The name ‘Burgundy’ comes from the Burgondes, a tribe who arrived in about 413AD  from west of the Rhine and the Savoy.  They established the kingdom of ‘Burgundia’ which marked the start of a fractious period in Burgundy’s history, with bloody territorial battles between the Burgondes and the Franks.  However at the same time Christianity was gaining a hold in the region, in particular after Burgundia came under Frankish rule when Clovis, king of the Franks, defeated Gundobad, and married his niece Clotilde. Shortly after his marriage, Clovis converted to christianity, which opened the door to an influx of religeous orders. The monks were also keen viticulturalists.  Wine was a part of their religious ritual. There are many references to wine in the New Testament, and during the first half of the third and into the fourth century, the Eucharist, the expression of transubstantiation –wine into the blood and bread into the body of Christ– became an important part of the liturgical ceremony.  The expansion of religious orders in Burgundy therefore fostered  the cultivation of vines - first for its mystic aspect, and then simply to fulfill a basic precept of the Benedictine rule, that of working the land.

Wealthy Lords of Burgundy, who had acquired their lands and posessions by the sword, often sought to appease their consciences by gifts to the religious orders. In 587, Gontran, King of Burgundy, donated his vast territory, including his vineyards, to the Abbey of Saint Benigne in Dijon. At the beginning of the 7C, Amalgaire, Duke of Lower Burgundy, founded the Abbey of Bèze, and granted it all his vineyards in Chenôve, Marsannay, Gevrey and Vosne. The Clos de Bèze  in Gevrey Chambertin was one of the lands donated, and is the oldest known and recorded land transfer in the region. The size and shape of the vineyard now is exactly the same as it was then in 636AD.  The payback for this aristocratic largesse, was absolution, and the grant of a safe passage to the after life in accordance with newly found Christian beliefs.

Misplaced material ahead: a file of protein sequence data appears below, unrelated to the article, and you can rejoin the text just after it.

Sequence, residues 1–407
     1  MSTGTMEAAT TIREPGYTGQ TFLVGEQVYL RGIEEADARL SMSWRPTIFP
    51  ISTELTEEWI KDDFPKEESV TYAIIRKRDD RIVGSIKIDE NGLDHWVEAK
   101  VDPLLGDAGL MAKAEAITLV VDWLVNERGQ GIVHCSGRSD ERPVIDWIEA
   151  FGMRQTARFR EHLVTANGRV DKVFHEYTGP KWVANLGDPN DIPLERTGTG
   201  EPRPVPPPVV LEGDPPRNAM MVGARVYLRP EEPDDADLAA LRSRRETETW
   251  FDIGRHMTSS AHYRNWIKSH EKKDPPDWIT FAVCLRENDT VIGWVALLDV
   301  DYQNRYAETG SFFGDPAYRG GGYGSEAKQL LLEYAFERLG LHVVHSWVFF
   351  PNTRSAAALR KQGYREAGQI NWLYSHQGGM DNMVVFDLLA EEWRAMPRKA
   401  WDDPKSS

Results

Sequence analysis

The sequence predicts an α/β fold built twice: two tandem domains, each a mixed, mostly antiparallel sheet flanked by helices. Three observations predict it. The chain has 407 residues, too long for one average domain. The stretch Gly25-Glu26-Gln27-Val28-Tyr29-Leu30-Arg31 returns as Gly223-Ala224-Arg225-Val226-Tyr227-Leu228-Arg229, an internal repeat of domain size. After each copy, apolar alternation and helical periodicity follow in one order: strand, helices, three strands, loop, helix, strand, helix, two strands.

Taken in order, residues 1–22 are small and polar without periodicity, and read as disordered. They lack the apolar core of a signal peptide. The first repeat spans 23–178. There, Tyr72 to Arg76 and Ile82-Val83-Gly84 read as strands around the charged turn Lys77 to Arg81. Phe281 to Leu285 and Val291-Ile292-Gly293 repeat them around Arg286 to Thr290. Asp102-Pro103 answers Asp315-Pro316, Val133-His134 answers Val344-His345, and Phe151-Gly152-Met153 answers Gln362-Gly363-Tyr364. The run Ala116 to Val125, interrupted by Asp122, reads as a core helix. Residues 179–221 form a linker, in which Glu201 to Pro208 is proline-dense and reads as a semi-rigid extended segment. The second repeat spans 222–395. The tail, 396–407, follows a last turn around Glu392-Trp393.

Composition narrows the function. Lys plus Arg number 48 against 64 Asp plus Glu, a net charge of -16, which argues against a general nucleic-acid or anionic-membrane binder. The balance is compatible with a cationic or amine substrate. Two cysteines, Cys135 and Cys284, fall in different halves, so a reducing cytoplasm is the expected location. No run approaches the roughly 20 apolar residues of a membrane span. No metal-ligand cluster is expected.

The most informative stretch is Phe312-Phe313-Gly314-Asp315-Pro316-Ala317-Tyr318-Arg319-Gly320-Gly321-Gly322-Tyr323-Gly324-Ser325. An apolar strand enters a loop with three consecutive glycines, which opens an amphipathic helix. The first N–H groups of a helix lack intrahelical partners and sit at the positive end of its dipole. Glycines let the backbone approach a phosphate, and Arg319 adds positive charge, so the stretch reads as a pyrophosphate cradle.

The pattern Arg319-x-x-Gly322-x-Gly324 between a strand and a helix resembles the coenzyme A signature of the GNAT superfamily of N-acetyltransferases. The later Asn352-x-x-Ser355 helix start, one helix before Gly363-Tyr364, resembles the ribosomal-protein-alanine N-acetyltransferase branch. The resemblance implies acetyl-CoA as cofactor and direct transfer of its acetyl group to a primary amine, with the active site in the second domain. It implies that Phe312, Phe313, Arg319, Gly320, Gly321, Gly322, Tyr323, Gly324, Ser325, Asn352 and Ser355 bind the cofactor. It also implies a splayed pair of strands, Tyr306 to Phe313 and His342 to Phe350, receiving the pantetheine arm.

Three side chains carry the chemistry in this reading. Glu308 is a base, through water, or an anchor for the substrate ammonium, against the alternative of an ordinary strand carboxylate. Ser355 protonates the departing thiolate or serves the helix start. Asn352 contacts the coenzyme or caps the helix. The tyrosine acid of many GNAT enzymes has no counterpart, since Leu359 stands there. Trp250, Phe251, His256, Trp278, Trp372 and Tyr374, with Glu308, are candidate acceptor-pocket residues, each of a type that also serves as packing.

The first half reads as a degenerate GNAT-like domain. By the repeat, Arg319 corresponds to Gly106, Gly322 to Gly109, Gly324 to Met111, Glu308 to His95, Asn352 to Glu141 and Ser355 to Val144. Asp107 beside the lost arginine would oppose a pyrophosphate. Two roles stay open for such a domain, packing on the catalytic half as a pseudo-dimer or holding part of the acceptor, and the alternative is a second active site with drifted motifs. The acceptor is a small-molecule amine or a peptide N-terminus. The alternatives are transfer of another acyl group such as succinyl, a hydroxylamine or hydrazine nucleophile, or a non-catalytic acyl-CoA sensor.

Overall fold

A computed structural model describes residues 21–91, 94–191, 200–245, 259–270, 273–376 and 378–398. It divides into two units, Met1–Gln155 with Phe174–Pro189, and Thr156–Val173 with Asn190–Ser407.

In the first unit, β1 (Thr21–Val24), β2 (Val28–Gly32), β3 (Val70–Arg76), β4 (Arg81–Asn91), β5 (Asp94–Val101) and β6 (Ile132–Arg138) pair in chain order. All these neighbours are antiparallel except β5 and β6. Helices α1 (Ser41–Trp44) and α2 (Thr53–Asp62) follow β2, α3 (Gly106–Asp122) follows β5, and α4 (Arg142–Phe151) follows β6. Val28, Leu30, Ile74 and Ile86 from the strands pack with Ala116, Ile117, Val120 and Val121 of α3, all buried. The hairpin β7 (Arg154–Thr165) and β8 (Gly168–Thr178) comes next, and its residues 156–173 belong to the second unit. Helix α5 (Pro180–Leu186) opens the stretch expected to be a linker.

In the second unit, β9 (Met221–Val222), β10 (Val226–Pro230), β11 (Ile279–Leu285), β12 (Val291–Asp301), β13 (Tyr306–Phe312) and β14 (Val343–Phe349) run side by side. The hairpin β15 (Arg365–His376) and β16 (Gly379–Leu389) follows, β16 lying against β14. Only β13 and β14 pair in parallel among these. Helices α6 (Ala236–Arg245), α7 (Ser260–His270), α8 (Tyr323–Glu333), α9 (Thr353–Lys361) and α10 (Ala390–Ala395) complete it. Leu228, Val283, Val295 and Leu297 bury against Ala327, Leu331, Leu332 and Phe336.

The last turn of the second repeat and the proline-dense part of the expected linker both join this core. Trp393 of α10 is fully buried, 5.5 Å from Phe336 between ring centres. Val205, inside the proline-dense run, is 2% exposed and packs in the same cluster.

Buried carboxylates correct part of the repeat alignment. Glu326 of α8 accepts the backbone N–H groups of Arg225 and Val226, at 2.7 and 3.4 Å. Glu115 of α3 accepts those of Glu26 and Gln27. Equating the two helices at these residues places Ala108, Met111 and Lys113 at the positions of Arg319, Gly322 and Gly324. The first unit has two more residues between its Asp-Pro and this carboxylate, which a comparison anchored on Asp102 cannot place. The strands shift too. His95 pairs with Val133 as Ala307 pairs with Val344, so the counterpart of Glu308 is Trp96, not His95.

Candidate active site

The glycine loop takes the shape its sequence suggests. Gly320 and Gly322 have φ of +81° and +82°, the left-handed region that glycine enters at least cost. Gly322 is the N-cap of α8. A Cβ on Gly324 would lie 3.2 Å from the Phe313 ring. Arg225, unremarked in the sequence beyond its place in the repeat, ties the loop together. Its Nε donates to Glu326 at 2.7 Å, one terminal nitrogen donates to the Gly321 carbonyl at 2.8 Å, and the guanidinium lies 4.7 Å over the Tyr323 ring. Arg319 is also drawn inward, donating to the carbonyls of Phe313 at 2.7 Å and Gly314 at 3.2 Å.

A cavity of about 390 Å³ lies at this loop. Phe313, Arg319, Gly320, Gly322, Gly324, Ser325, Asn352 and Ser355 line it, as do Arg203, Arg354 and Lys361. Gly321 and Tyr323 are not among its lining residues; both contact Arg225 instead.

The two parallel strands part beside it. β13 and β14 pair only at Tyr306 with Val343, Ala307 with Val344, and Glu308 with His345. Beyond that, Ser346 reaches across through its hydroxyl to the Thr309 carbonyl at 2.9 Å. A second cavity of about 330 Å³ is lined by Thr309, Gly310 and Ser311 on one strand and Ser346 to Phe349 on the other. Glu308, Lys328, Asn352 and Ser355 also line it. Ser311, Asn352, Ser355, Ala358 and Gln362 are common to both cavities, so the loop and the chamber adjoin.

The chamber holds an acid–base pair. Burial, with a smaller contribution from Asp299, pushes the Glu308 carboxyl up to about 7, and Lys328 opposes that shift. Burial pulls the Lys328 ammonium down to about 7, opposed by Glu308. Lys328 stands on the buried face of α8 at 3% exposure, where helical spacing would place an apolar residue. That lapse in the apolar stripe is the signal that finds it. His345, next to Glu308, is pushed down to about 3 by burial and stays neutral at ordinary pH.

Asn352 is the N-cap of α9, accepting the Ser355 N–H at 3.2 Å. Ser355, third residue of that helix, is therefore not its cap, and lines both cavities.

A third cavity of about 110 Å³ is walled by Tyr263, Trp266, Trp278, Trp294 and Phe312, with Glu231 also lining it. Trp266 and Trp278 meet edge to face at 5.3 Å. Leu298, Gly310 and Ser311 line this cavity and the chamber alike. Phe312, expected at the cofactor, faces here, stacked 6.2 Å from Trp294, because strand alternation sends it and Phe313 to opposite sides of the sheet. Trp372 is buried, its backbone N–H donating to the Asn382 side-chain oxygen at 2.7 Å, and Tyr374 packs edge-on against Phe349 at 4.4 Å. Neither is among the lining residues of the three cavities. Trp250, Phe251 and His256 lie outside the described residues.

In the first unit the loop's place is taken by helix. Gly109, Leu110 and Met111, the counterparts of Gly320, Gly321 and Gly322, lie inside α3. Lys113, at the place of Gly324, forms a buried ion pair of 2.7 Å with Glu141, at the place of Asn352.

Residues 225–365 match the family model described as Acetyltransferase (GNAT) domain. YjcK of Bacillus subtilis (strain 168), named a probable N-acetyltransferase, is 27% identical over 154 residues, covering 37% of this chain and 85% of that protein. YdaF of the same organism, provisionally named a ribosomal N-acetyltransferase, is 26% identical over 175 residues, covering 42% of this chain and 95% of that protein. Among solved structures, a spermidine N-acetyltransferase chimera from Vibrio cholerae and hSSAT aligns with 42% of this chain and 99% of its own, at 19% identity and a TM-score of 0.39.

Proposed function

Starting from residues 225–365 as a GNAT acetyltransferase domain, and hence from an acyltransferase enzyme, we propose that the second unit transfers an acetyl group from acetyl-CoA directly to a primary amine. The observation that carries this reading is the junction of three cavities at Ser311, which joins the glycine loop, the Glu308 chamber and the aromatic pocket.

The monks turned out to be assiduous and skilled vigneron. They are responsible for the classification system of vineyards that still exists in Burgundy today.  The Benedictines were the first to define the choice of parcels for planting grapes, and it was the beginning of a heirarchical classification system which has led to the notion of “climats”, which now forms the foundation of the Côte d’Or’s application for Unesco World Heritage status- a remarkable historical heritage.

Both the Abbey of Cluny, founded in 909,  and the Abbey of Citeaux, founded in 1098, played an important part in developing wine making techniques. The two orders had a virtual monopoly on the vineyards in Burgundy until the fifteenth century when there was a decline in the number of monks and the financial standing of the monasteries. During the Enlightenment, several works on Burgundy wine were published describing the winemaking, planting, harvesting or growing methods, and just what it is that gives each “cru” its specific character, flavor and quality. The Revolution was the final chapter of the supremacy of the religious orders in the business of wine making, but their legacy is present in every Domaine producing wine in Burgundy today.


Philips, Rod. A Short History of Wine, Whitecap Books, Ltd., 2015.

Scherb, Madeline. A Taste of Heaven: A Guide to Food and Drink Made by Monks and Nuns, Tarcher, 2009.

Seward, Desmond. Monks and Wine, Mitchell Beazley, 1979.